• Evaluation of Careers Yorkshire and the Humber Inspiration activity and good practice guide

      Artess, Jane; Hanson, Jill; University of Derby (2017-03)
      The research suggests that Careers Yorkshire and the Humber (CYH) is continuing to make good progress in its inspiration work and fulfilling the expectations that it set itself in its Inspiration plans. Whilst celebrating its continuing achievements CYH is set on a journey of improvement and is actively seeking to continue to work collaboratively with partners, to make the most of its networks, to continue to provide impartial, labour market information and to grow the infrastructure to meet the needs of young people and their parents and advisers for reliable career-related information and support activities. The context for CYH’s inspiration work during 2016-2017 has become more complex as more organisations and services become available. This presents challenges but also opportunities which CYH appear to have grasped with enthusiasm.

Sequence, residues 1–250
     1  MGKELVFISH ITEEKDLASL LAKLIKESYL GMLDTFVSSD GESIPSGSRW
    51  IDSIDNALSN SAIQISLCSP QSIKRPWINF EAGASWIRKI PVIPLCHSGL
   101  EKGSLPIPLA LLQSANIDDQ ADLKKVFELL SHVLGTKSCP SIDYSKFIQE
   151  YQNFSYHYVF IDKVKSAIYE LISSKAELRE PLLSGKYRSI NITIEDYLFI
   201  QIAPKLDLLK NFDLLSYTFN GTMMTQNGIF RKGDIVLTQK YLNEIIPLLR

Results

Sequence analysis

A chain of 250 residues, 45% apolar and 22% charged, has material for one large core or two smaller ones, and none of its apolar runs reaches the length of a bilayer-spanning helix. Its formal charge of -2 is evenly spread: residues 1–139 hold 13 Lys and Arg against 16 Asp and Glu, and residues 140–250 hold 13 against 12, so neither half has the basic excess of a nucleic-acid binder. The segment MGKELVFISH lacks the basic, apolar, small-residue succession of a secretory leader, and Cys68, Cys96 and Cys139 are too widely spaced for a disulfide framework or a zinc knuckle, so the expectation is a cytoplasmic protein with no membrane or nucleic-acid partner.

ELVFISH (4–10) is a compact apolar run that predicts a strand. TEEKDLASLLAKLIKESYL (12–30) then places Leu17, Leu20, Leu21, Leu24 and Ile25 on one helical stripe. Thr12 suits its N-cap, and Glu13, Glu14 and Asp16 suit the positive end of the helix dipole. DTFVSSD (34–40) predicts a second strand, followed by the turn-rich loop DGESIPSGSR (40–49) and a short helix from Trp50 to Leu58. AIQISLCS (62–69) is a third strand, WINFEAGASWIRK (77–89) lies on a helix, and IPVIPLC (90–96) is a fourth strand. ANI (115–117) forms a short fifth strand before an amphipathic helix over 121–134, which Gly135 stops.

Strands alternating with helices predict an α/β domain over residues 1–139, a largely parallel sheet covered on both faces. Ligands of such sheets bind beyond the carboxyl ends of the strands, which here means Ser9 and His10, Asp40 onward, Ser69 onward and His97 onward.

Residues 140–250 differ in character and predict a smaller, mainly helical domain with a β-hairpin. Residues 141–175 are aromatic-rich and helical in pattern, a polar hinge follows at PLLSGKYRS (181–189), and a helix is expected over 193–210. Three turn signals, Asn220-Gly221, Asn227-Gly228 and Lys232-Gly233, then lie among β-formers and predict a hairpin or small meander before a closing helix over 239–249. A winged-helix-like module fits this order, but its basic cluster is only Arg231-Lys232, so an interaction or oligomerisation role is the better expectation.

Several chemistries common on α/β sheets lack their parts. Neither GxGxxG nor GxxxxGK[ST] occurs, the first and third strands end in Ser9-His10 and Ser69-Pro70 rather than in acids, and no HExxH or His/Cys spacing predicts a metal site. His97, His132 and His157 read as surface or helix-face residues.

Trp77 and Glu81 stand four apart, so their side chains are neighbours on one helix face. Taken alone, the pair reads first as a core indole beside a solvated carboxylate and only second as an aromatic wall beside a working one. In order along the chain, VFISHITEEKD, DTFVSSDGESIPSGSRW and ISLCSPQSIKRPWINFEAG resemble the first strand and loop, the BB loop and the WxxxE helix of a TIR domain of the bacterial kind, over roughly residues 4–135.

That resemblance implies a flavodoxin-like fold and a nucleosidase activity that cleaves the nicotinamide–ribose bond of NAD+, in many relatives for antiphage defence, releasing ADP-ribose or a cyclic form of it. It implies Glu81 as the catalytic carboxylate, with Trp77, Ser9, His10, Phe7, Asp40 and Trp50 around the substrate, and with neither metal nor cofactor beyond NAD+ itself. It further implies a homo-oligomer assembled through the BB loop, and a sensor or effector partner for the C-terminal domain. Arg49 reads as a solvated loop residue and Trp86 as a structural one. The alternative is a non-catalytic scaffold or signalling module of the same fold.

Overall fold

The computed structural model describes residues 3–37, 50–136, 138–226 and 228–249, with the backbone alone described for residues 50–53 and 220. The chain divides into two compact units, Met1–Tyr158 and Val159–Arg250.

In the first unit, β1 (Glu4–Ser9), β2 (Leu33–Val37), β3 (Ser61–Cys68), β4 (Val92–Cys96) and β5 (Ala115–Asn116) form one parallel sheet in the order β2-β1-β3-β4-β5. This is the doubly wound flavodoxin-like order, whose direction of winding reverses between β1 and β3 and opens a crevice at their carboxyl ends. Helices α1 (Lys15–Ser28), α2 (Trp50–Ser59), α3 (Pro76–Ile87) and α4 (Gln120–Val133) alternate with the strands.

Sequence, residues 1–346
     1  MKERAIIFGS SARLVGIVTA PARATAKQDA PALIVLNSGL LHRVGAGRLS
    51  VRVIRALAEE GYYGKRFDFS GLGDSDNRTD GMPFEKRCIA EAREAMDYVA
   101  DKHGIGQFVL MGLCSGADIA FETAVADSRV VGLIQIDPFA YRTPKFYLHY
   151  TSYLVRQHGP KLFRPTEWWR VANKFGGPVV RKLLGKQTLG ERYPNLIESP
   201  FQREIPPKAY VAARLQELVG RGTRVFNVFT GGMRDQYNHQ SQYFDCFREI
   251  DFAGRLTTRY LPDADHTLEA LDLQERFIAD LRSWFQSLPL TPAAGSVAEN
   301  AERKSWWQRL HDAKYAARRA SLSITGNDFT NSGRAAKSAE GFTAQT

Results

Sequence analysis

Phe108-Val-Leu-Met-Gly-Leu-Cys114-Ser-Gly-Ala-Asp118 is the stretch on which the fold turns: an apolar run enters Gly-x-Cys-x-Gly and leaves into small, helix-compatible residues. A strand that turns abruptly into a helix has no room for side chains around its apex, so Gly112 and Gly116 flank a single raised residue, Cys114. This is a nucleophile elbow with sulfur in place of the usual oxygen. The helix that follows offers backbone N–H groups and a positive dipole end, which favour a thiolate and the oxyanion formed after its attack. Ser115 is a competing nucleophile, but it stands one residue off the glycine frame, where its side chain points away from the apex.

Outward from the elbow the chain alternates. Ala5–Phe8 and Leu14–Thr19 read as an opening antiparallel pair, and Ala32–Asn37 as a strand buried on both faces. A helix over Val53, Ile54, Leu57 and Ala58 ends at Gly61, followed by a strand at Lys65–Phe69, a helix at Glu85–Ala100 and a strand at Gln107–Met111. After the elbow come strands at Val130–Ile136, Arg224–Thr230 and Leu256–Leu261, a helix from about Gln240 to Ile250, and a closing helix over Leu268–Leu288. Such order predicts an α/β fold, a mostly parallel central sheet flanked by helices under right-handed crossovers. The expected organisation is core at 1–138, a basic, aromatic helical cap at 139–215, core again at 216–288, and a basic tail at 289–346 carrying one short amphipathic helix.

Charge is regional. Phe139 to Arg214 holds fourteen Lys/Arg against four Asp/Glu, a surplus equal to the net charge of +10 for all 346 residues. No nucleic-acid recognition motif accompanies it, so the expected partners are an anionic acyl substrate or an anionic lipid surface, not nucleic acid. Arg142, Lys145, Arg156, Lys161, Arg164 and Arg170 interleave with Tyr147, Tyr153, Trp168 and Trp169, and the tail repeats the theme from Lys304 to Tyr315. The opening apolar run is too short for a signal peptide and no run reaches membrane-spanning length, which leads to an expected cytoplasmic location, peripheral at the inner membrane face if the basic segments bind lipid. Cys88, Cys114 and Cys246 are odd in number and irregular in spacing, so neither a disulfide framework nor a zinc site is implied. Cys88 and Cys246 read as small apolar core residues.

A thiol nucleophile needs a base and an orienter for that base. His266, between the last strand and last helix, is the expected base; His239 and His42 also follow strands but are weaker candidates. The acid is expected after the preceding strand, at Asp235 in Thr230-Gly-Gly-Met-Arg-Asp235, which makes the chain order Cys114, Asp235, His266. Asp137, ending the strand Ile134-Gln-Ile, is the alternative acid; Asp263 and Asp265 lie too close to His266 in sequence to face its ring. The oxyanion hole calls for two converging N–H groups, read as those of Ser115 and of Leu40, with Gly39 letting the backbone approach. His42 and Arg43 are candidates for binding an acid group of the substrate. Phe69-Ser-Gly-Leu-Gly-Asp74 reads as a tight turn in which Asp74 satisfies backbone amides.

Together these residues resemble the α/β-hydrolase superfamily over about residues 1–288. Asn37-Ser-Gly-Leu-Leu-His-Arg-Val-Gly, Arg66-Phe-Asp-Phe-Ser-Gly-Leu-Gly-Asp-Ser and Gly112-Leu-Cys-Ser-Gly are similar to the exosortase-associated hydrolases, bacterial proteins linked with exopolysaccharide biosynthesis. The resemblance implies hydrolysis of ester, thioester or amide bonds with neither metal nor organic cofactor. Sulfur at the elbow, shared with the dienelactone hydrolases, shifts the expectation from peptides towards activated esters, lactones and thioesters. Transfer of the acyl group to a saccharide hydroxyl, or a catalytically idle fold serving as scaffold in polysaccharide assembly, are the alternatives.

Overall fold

• The evidence base on lifelong guidance

      Hooley, Tristram; University of Derby (The European Lifelong Guidance Policy Network (ELGPN), 2014-10)
      THE PURPOSE OF THIS EVIDENCE GUIDE is to present the existing international research base on the impact of lifelong guidance, including its educational outcomes, economic and employment outcomes, and social outcomes. The guide has been prepared for ELGPN by Professor Tristram Hooley, International Centre for Guidance Studies, University of Derby, UK. It builds on the work undertaken by the European Lifelong Guidance Policy Network (ELGPN) during 2008–14, including the Quality-Assurance and Evidence-Base (QAE) Framework which provides an approach for policy-makers to address quality assurance and evidence-based policy and system development. The guide synthesises the existing impact evidence. It suggests that guidance is most effective when it is conceived as a lifelong system and that policy-makers should continue to develop this evidence base to ensure that policies are based on the best evidence available.
    • The evidence base on lifelong guidance (Brief Summary)

      Hooley, Tristram; University of Derby (European Lifelong Guidance Policy Network, 2014-10)